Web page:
I’m always interested in practical information and I guess there’s nothing more practical than knowing how to survive actual problems.  And after what’s been going on across the country during the BLM/Antifa riots I would say knowing how to use a gun to save your own life sounds practical.

Guest Contributor – TomD – Weapons and Self-Defense

I don’t know to what extent it would be applicable but I have a lifelong intimate exposure to firearms starting, due to my Southern hunting heritage, in my preteens, followed by 4 years in the Marines, followed by 30 years of competitive rifle, shotgun and pistol shooting. I’ve competed extensively at up to 1000 yards and can hit within a paint can lid at that distance.

 

Larry Correia Has an Interesting Post on Self Defense Training

Larry is an urban fantasy author who isn’t woke.  That by itself is a rarity enough.  And he’s an interesting guy who has an abiding interest in guns.  He has a post about a training he took.in Extreme Close Quarter Fighting with guns and knives.  The company he trained with is called SHIVWORKS and they have various trainings for real world desperate situations.  Here is their site. I have about zero training in any self defense or weapons systems.  But my all around awesomeness will probably make up for that deficit.  But I do find these training programs very interesting.  Thought I’d pass it along for general interest.

What I Took Away from the Weekend Horror Fest

I waited yesterday instead of writing a post.  I wanted to sift through my thoughts.

My opinion is we’re in a lot of trouble.  And I’m not talking about Democrats and Second Amendment attacks and presidential polls.  Put all that aside for a minute.

Connor Betts was 24.  Patrick Crusius is 21.  We have young men who are of an age where they should be enjoying life to its fullest.  Instead they’re flushing their lives down the drain in a senseless orgy of violence.  And it’s happening more and more frequently.  Without a doubt, the ones committing these crimes are the most damaged of their generation.  They are probably terrible misfits that don’t feel empathy and live inside the tiny world of their own thoughts.  There have always been people like this and there have always been crimes like these.  But nowhere near as many.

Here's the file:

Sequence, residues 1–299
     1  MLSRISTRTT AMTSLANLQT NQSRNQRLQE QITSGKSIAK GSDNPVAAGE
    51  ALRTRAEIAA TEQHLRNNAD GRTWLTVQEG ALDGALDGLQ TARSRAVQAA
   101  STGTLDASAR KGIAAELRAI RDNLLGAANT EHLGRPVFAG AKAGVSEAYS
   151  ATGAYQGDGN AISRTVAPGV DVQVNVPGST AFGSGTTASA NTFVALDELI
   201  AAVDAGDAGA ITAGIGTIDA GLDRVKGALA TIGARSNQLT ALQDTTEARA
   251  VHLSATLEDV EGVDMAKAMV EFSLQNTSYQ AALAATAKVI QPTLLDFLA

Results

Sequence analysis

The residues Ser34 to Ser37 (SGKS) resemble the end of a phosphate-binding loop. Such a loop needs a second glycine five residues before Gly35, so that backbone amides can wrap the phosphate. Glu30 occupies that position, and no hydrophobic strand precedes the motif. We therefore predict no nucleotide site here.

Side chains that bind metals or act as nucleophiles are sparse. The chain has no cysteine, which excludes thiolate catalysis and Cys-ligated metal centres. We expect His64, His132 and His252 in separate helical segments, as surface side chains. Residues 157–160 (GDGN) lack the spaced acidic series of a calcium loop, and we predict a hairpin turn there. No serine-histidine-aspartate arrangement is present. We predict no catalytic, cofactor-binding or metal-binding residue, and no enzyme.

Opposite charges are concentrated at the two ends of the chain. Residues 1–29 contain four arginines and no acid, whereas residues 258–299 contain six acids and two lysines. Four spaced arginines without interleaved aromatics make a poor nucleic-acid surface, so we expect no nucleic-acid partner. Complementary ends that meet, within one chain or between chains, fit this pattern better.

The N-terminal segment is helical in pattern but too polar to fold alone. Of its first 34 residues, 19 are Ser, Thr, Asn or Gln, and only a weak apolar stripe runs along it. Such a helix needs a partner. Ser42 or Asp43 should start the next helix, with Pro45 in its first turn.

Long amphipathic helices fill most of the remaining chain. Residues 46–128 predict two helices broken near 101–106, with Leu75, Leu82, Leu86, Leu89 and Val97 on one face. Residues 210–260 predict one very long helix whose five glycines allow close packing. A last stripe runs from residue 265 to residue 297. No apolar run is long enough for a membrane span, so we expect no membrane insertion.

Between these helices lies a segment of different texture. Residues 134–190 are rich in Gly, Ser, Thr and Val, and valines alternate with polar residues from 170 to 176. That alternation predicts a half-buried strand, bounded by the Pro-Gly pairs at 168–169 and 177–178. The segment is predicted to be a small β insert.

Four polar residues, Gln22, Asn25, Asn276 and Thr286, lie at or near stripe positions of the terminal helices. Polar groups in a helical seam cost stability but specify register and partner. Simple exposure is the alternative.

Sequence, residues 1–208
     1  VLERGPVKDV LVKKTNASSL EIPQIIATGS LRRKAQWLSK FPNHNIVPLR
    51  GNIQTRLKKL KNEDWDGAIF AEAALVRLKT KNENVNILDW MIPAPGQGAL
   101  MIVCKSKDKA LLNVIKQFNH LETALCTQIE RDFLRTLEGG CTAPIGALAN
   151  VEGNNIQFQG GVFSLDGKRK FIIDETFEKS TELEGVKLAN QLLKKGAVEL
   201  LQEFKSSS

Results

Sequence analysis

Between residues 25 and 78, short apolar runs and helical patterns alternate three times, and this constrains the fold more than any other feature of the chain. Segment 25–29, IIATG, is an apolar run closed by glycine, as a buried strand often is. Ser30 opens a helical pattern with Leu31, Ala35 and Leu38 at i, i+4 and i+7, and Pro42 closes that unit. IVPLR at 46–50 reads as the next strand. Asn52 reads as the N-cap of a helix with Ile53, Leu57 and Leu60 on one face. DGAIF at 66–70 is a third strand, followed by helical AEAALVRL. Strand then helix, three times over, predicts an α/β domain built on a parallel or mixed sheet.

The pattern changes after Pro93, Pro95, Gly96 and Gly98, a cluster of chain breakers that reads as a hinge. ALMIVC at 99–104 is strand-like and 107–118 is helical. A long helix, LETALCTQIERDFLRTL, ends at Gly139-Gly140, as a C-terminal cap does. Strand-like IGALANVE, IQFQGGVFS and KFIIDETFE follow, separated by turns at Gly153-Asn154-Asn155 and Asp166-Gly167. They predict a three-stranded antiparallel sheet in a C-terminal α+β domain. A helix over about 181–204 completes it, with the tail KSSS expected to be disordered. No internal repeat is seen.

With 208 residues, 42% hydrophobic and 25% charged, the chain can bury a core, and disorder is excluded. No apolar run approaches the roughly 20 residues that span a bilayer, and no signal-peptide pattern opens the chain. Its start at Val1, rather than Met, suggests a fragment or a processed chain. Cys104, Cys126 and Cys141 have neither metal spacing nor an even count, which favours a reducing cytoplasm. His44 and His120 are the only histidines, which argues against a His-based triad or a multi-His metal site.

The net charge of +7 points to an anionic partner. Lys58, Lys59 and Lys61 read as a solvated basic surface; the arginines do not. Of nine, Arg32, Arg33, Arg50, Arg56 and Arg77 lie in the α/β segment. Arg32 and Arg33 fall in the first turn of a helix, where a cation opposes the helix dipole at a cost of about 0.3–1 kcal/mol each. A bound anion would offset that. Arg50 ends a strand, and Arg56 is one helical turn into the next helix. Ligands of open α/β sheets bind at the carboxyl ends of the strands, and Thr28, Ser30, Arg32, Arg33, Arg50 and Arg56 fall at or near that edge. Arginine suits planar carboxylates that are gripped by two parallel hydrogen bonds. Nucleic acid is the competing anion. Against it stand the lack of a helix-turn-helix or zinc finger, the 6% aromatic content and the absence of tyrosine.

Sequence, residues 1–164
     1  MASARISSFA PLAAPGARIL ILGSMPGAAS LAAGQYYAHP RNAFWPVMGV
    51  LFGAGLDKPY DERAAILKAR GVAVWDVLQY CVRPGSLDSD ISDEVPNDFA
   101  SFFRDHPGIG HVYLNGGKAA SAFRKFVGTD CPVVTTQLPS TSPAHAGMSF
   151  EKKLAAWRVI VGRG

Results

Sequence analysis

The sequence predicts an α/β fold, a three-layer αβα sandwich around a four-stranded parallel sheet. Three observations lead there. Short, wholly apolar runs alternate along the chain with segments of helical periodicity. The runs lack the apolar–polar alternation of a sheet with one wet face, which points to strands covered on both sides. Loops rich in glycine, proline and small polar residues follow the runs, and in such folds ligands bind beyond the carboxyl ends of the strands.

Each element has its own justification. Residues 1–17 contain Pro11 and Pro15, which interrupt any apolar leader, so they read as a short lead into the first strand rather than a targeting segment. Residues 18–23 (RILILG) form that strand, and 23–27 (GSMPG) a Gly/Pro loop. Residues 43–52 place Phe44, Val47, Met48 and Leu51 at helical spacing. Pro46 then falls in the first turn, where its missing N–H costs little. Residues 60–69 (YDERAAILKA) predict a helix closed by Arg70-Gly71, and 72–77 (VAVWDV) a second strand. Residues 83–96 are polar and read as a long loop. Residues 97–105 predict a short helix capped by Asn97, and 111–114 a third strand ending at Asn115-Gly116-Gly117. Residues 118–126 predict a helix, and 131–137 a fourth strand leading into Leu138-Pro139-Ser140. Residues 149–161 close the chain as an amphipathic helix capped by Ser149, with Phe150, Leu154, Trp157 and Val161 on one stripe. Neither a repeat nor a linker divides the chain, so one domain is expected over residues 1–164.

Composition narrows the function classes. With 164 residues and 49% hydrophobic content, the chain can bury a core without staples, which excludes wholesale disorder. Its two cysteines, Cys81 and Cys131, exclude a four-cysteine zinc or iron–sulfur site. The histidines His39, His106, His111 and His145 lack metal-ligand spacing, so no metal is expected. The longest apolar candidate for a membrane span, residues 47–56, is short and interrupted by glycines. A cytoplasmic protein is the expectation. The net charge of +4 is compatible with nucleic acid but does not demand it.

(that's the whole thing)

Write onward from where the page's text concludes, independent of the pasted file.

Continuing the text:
What I’m afraid we are doing is widening a window of people who can fall into this kind of trap.  Adolescence is a rough time, especially for males.  Without someone watching out for them it’s easy to get involved in destructive behavior.  And that someone no longer exists.  Nobody is watching out for these kids.  Mom and Dad are both working.  Many times, there isn’t even another brother or sister around to communicate with.  No one even knows or cares if they go to school.  Work doesn’t leave any room for these kids.  So, they spend their time on the internet or video games.  If they fall behind in school or get into trouble often the parents and teachers will paper over it and make believe that something didn’t happen or didn’t mean anything.

And in the last ten years we have added a new dimension.  The Millennials grew up in a world where there were no jobs to be had.  So, after spending twelve years bored in school, without a job you live in your parents’ basement and have no adult life or even prospects of it.  So, in addition to the truly disturbed individuals we are pushing the fragile normal people into the same place.  They’re angry and are looking for someone to punish for their wasted lives.

The mass shootings in El Paso and Dayton are, as always, shocking.  But what isn’t a surprise is that these two young men were dangerously mentally ill long before their rampages.  Just looking at the pictures and reading the accounts of their histories should be enough to convince people that what we have in this country isn’t a gun problem, it’s societal dysfunction causing a mental health emergency.  Look at the kid in Ohio.  The stories contain the fact that while in high school he had a list of kids he wanted to kill and a list of girls he wanted to rape.  If you’re the parent of this boy what else do you need to hear to know that your son is a ticking time bomb?  And maybe they did know.  And maybe it’s just where we are as a country that they didn’t know what to do.  What would I have done in that case?  What can be done?  These aren’t easy questions to answer.  But they sure do have to be answered.  We’ve got a whole continent full of young men growing up in a world that doesn’t value their talents and doesn’t have anything to keep them gainfully employed.  That is a recipe for extinction.

So other than a lot of talk, what does all this mean?  Well for the most deeply disturbed we have to stop thinking that antidepressants will allow criminally insane individuals to walk among us.  These people need to be institutionalized for life.  That’s for their own good but mostly for ours.